We show the first power analysis attack on passive RFID tags.
Compared to standard power analysis attacks,
this attack is unique in that it requires no physical contact with the device under attack.
While the specific attack described here requires the attacker to actually transmit
data to the tag under attack, the power analysis part itself requires only a receive antenna.
This means that a variant of this attack can be devised such that the attacker is
completely passive while it is acquiring the data,
making the attack very hard to detect.
As a proof of concept, we describe a password extraction attack on Class 1 Generation 1 EPC tags
operating in the UHF frequency range.
The attack presented below lets an adversary discover the kill password of such a tag and,
then, disable it.
The attack can be readily adapted to finding the access and kill passwords of Gen 2 tags.
The main significance of our attack is in its implications –
any cryptographic functionality built into tags needs to be designed to be resistant to power analysis,
and achieving this resistance is an undertaking which has an effect
both on the price and on the read range of tags.
A Brief introduction to Power Analysis
Power analysis is a form of
side-channel cryptanalysis –
that is, the art of finding information about a secret from aspects of the physical implementation
of a cryptosystem, usually without attacking the "official" algorithm itself.
Power analysis focuses on relating changes of power consumption to changes in the internal state of
The power consumption of most hardware devices is roughly proportional to the amount of bits
changing their values at a certain time.
This means a busy device consumes more power than an idle device, allowing an attacker to learn
exactly how long an operation takes and raising the possibility of timing-based attacks.
If an attacker has sufficiently sensitive equipment, he can even detect individual bits being flipped,
allowing even more powerful attacks.
All side channel attacks assume some knowledge of the internal workings of the device under attack.
This knowledge may be acquired by use of inside information,
by reverse engineering or simply by educated guessing.
For more information about power analysis, try this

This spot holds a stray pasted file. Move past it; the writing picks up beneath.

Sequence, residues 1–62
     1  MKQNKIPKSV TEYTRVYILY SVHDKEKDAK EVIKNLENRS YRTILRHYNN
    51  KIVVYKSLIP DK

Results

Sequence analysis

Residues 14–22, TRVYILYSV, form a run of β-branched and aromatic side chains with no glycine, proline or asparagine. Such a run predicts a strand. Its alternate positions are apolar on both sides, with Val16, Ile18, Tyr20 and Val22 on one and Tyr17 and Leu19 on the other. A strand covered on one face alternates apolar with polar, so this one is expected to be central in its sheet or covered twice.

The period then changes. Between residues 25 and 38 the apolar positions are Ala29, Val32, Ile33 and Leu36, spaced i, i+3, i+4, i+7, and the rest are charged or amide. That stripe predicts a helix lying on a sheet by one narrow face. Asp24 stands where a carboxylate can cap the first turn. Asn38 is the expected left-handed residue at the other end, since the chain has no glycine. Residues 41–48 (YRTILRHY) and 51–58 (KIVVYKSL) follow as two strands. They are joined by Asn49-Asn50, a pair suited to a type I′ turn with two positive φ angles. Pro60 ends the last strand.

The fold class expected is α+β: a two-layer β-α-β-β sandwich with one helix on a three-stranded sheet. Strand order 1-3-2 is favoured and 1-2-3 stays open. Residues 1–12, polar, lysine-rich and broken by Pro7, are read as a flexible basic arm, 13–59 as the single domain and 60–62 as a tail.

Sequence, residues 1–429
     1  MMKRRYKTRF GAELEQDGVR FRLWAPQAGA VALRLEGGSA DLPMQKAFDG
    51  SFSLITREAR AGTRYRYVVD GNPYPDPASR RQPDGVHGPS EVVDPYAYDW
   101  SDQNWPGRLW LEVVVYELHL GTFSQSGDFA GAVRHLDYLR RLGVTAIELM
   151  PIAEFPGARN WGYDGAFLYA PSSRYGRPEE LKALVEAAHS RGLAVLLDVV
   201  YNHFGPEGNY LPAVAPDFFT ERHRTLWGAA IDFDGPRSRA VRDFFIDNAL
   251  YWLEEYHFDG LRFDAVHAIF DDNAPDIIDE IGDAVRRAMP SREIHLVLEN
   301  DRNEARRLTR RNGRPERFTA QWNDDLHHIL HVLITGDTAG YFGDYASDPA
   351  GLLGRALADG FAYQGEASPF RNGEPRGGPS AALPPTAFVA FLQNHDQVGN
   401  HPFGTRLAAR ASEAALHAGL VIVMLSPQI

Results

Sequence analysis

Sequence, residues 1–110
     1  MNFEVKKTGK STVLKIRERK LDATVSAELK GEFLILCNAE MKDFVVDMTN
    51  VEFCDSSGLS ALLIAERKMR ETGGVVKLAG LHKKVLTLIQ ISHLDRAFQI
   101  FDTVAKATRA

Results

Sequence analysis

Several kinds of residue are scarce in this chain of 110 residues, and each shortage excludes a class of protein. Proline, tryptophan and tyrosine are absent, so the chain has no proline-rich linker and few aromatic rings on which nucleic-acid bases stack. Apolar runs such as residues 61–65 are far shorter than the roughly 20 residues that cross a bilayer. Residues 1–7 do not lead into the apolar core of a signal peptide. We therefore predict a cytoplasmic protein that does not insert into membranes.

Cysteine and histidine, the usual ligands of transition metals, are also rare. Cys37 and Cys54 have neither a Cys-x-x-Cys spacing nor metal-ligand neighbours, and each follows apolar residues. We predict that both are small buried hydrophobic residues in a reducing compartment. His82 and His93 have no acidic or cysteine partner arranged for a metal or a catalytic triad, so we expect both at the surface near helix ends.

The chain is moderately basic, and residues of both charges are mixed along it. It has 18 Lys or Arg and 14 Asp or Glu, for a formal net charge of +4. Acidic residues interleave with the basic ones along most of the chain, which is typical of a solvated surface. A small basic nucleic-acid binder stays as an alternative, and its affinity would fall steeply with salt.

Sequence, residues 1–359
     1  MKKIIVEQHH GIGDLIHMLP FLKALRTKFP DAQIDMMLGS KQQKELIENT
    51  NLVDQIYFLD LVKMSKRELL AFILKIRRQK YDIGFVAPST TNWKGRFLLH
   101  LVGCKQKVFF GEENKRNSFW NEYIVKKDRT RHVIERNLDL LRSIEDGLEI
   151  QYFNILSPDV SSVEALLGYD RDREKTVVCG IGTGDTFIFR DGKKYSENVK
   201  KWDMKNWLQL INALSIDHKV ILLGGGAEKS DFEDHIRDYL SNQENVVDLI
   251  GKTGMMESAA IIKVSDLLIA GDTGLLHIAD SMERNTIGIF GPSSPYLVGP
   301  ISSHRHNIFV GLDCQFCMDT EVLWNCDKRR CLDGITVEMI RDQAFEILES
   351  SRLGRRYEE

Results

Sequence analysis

article by Paul Kocher or this
tutorial by Elisabeth Oswald .
UHF RFID tags and how they get their power
UHF tags are tags which operate in the 900MHz frequency band.
They are easily recognized by their dipole antenna, which is shaped more or less like a straight line.
These tags can be read from as far away as 3 metres and are planned to be used as replacements for the optical bar code.
To provide power to a UHF tag, it is placed next to a device called a reader. This reader generates a powerful electromagnetic field.
When this field, which varies in time, hits the tag's dipole antenna, it causes an electrical current to flow back and forth in the antenna,
generating a standing wave.
This standing wave is rectified and amplified using a circuit called a Dickson charge pump
and used to charge the tag's internal power storage.
This power storage provides the direct-current voltage required to drive the tag's internal circuitry.
Since the dipole now has a variable electrical current flowing through it, it generates an electromagnetic field of its own.
The strength of this field is a function of the current flowing through the dipole, which is in turn a function of the power consumption of the tag.
It is through monitoring this reflected field that we are able to mount our attack.
For more information about the electrical characteristics of RFID tags , try this
excellent tutorial by Daniel Dobkin or this
article by Udo Karthaus and Martin Fischer .
Class 1 Generation 1 tags
The tag under attack uses the EPCGlobal Class 1 Generation 1 (C1G1) air interface.
The RFID reader communicates with such a tag by alternating its transmit power between two values - high power and low power.
A '0' bit consists of a narrow gap of lower power followed by a wide high-power pulse,